Porsche 997 vs 991: Transmission and Chassis
The 991 only retains the 9A1 engine and PDK transmission from the 997, while the rest of the engine is brand new. Therefore, the main difference between these two engines lies under the sheet metal. The PDK on the 997 is still the same, but the manual gearbox has been upgraded to a seven-speed. This allows for better fuel economy and self-shifting pleasure. Porsche 991 North American sales were 50/50 between the PDK automatic transmission and manual. While the Porsche 997 saw 70/30 between the PDK to manual. The 997s underpinnings were the same as the 996’s, which had a remarkable 13-year lifespan.
The Porsche 996 has undergone several changes since its introduction in 1997. In order to accommodate the larger wheels of the 997, more space was required. To meet evolving safety standards that require impact absorption from different angles, the 997 chassis has been revised periodically. Porsche unveiled that the 991 911 featured a longer and wider body than the 997. The new 991 chassis is based on the 964 platform, or the 3rd generation 911, and includes MacPherson struts at the front, drive to the front axle, and a complete overhaul of the air passage beneath the car to improve stability.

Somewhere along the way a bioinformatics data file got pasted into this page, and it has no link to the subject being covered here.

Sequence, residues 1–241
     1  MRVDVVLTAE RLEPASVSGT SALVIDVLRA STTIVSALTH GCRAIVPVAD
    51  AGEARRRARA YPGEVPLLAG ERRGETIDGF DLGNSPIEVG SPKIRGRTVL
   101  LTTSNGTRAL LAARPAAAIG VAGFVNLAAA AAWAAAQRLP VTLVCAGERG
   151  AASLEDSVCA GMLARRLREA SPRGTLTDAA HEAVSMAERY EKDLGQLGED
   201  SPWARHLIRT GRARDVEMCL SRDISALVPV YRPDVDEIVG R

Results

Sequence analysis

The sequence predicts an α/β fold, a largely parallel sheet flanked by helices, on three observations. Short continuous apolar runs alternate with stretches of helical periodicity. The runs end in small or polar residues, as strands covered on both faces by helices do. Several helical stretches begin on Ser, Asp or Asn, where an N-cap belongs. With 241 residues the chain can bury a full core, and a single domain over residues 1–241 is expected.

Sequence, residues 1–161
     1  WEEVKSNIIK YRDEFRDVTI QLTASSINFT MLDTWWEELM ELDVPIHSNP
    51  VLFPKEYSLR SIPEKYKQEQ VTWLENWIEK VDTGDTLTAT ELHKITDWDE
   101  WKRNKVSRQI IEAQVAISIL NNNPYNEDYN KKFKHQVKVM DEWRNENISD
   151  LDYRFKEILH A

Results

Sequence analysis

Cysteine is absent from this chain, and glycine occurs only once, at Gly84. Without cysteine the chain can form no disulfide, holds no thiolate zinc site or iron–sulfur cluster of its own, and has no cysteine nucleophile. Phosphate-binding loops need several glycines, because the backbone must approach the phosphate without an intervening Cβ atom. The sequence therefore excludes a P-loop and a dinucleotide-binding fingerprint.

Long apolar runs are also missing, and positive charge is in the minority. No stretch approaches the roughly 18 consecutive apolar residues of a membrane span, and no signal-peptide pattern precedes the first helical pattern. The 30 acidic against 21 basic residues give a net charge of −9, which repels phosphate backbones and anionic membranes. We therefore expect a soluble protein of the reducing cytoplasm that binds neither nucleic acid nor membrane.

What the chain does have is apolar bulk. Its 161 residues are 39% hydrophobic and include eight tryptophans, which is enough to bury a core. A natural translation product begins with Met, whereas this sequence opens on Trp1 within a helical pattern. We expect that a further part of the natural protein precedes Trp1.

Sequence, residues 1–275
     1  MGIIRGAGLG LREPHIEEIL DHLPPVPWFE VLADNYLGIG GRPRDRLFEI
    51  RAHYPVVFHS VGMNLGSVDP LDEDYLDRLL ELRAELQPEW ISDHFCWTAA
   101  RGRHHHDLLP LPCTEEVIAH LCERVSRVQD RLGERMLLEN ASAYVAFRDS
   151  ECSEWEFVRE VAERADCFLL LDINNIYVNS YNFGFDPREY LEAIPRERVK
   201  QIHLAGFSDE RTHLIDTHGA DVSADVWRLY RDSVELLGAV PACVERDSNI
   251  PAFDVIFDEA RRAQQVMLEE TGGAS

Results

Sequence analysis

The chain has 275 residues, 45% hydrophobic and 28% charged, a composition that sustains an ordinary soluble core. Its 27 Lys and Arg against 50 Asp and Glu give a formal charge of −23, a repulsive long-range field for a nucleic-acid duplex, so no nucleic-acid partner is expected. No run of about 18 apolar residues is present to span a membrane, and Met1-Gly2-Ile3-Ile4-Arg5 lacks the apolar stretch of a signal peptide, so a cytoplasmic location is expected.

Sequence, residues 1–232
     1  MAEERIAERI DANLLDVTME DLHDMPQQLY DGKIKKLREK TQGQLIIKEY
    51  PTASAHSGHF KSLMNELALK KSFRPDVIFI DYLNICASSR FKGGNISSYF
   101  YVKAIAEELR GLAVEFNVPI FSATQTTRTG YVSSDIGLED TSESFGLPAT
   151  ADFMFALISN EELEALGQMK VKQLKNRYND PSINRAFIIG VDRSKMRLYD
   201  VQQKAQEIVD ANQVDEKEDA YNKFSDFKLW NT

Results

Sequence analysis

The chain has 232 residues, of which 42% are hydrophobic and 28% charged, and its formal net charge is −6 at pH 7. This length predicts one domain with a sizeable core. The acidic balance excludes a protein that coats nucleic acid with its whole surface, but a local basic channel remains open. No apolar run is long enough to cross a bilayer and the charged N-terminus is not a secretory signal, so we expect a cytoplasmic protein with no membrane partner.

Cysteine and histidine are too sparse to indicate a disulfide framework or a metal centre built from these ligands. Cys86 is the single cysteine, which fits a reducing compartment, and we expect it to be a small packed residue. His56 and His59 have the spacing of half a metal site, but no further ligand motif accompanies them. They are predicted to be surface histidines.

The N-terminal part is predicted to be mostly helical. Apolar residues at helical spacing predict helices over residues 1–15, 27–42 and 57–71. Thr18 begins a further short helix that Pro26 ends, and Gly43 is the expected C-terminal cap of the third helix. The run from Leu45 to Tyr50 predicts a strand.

Porsche 997 vs 991: Handling
The 991 Porsche features a longer wheelbase and a wider track for increased stability. The revised front and rear running gears reduce oversteer, making this a 911 characteristic that is less pronounced in the new model. The 911 is an invitation for drivers who want to enjoy outstanding cornering agility and a smoother ride. Although it may feel larger, the 991 has the same excellent handling as the 997 and can handle imperfections better. This results in a more enjoyable driving experience. Porsche’s new electro-mechanical steering system provides drivers with a sense of refinement. However, some drivers may find that the first version lacks mechanical interaction. Despite this, the accuracy of the system is impeccable.
The 997 is the best car in its class for grip. Its cornering ability is unsurpassed on public roads, making it the perfect choice for anyone looking for a top-performing vehicle. The 991 is a revelation. The 997s tendency to understeer into bends has been eliminated. The combination of the 991s longer chassis and wider front track contributes to a sharper turn-in, more balanced cornering with a touch of oversteer — making it easier for drivers to exploit the full potential of the 991. This car’s handling is extremely confidence-inspiring. It feels very stable even when cornering at high speeds, so you can relax and enjoy the ride.